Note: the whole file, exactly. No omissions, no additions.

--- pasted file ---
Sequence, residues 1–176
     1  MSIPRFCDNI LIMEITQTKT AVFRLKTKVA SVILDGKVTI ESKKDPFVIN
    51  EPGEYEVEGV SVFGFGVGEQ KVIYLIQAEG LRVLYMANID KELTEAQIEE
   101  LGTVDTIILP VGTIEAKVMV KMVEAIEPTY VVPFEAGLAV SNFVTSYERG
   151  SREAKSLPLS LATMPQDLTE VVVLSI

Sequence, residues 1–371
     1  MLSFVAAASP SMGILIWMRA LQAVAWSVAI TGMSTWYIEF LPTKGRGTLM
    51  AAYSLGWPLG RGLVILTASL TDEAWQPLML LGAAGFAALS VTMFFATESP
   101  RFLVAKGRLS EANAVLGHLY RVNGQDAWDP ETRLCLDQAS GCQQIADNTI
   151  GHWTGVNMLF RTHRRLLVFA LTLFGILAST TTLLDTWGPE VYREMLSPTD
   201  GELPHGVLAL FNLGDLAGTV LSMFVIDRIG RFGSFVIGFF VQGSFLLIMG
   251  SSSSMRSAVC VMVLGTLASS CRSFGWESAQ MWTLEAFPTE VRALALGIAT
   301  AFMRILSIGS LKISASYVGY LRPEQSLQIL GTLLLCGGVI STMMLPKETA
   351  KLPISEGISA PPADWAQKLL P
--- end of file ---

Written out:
Sequence, residues 1–176
     1  MSIPRFCDNI LIMEITQTKT AVFRLKTKVA SVILDGKVTI ESKKDPFVIN
    51  EPGEYEVEGV SVFGFGVGEQ KVIYLIQAEG LRVLYMANID KELTEAQIEE
   101  LGTVDTIILP VGTIEAKVMV KMVEAIEPTY VVPFEAGLAV SNFVTSYERG
   151  SREAKSLPLS LATMPQDLTE VVVLSI

Sequence, residues 1–371
     1  MLSFVAAASP SMGILIWMRA LQAVAWSVAI TGMSTWYIEF LPTKGRGTLM
    51  AAYSLGWPLG RGLVILTASL TDEAWQPLML LGAAGFAALS VTMFFATESP
   101  RFLVAKGRLS EANAVLGHLY RVNGQDAWDP ETRLCLDQAS GCQQIADNTI
   151  GHWTGVNMLF RTHRRLLVFA LTLFGILAST TTLLDTWGPE VYREMLSPTD
   201  GELPHGVLAL FNLGDLAGTV LSMFVIDRIG RFGSFVIGFF VQGSFLLIMG
   251  SSSSMRSAVC VMVLGTLASS CRSFGWESAQ MWTLEAFPTE VRALALGIAT
   301  AFMRILSIGS LKISASYVGY LRPEQSLQIL GTLLLCGGVI STMMLPKETA
   351  KLPISEGISA PPADWAQKLL P